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Speak Truth to Power, but Not in Arab Lands
As Anthony Lewis, columnist for The New York Times, penned in 1989, "Journalism's high purpose is not to get close to power, but to speak truth to power." A search of Times archives back to 1981 of "truth to power" produced 90 "hits," most dealing with journalists and public figures who spoke out in one way or another against U.S. government officials.
No doubt, the Times and The Washington Post believed they were talking "truth to power" when they published reports on National Security Agency surveillance of overseas telephone calls and classified information about CIA prisons in Eastern Europe. No journalist has been prosecuted or incarcerated for those disclosures.
Contrast that with the fate of Wall Street Journal reporter Daniel Pearl, who was murdered after he was kidnapped in Pakistan on his way to meet a terrorist leader. His forced confession was captured on videotape, along with his throat being cut by his killers.
Fox News reporter Steve Centanni and his cameraman, Olaf Wiig, were kidnapped by members of the Holy Jihad Brigades, a previously unknown Palestinian terrorist group in Gaza. Fox has distinguished itself among sources of broadcast news by its refusal to jump on the anti-Israel bandwagon. In 2002, when most of the mainstream media was headlining what subsequently proved to be bogus Palestinian claims of an Israeli massacre in Jenin, Fox anchors withheld their judgment, pointing out that proof was lacking to support the Arabs' charges.
But even Fox is not immune to real threats to life and limb. Forced to convert to Islam at gunpoint, Centanni and Wiig were released after two weeks of captivity. Shortly after being freed, they spoke to reporters while still in Gaza and under Palestinian security-force control. Centanni, in remarks carried worldwide, observed, "I hope that this never scares a single journalist away from coming to Gaza to cover the story because the Palestinian people are very beautiful and kindhearted. The world needs to know more about them. Don't be discouraged."
His praise of the Palestinians' kindness still appears on the Fox Web site.
In August, CBS aired veteran newsman Mike Wallace's interview with Iranian President Mahmoud Ahmadinejad. Wallace was criticized for his softball questions and the praise he heaped on the Iranian president, whose government is actively seeking nuclear weapons, and has threatened to wipe Israel off the map.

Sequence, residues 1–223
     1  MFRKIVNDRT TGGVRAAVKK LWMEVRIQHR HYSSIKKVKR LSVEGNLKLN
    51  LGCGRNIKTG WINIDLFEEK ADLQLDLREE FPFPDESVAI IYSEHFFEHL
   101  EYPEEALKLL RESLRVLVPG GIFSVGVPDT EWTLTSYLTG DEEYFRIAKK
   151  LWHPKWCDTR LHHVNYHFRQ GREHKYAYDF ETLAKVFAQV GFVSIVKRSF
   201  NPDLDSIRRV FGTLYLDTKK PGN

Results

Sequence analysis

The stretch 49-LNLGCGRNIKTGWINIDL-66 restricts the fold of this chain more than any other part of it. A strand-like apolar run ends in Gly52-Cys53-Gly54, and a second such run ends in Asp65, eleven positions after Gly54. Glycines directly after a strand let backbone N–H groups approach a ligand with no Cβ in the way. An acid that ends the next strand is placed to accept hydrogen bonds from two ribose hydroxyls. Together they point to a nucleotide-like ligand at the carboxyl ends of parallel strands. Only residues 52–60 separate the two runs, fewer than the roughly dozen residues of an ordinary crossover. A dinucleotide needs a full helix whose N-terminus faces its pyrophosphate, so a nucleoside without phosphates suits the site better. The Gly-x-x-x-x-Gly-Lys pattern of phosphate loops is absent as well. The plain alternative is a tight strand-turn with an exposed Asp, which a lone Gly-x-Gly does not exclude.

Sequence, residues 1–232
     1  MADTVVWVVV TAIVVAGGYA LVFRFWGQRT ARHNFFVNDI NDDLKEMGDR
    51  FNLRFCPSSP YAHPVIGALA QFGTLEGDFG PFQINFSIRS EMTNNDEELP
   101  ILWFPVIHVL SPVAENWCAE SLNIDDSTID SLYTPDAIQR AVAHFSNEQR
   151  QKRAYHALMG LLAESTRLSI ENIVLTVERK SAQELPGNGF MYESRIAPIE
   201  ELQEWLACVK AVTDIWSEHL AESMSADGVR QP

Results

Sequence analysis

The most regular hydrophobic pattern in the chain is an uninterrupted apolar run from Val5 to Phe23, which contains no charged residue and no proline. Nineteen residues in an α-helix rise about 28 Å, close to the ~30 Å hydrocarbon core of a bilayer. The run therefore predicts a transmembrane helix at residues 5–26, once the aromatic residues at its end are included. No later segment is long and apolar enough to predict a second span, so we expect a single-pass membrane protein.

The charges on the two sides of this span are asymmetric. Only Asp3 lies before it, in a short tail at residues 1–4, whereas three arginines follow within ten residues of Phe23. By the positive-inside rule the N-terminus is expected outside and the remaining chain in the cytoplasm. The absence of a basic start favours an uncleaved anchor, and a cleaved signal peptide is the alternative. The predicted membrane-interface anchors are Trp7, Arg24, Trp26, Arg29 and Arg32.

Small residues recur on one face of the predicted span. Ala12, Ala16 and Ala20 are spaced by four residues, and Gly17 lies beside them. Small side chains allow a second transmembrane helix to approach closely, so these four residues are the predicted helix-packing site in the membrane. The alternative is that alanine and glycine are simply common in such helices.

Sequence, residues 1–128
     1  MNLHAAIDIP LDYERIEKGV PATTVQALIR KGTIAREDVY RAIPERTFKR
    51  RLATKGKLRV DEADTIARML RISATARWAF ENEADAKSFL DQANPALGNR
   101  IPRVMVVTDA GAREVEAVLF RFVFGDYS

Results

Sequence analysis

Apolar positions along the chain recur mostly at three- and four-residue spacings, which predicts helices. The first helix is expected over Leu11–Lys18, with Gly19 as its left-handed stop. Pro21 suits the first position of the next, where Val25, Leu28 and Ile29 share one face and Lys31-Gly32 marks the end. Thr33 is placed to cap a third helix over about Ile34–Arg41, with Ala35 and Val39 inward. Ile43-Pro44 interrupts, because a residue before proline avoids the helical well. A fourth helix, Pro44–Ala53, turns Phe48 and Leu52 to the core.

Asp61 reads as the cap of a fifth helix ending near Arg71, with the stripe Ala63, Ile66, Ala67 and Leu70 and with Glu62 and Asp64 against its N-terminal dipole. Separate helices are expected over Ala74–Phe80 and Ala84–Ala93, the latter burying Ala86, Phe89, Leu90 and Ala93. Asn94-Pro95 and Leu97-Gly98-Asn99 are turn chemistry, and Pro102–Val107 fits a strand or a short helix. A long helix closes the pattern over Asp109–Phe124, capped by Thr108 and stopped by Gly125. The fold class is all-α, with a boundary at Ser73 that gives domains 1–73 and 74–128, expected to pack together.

As a column last year in the Times observed, Iranian reporters "don't harbor fantasies of speaking truth to power."
Some 100 newspapers have been shut down by Iran's "clergy-influenced judiciary." Neither the clergy nor the nation's leader are subject to criticism.
Threats of violence against journalists are not exceptional in the Middle East, other than, of course, in Israel.
In another act of irony, the BBC moved its reporters from Haifa to Beirut after the first week of the summer war, even though Israelis have an unblemished record of nonviolent dissent toward a critical press.
Could it be that BBC staff still felt safer in the Lebanese capital -- despite charges of massive and indiscriminate Israeli bombing -- than they did from Hezbollah's Katyushas in Haifa?
And the self-censorship of so many U.S. newspapers surrounding Danish political cartoons containing images of Mohammed -- after death threats against European journalists, backed by violent and deadly protests -- is a story in and of itself.
Certain Mideast correspondents avoid the Palestinian-controlled territories out of a well-founded fear for their lives, while those who go there cannot help but recognize the very real risk of harm if they are too critical. Even Fox cameramen complied with Hezbollah orders not to photograph rockets being fired from Tyre and other civilian areas.
For too many journalists, fearlessly speaking truth to power is something best left home when they cover the Middle East.
This column was written for the Israel Advocacy Task Force of the Israel Center of the Jewish Federation of Greater Philadelphia.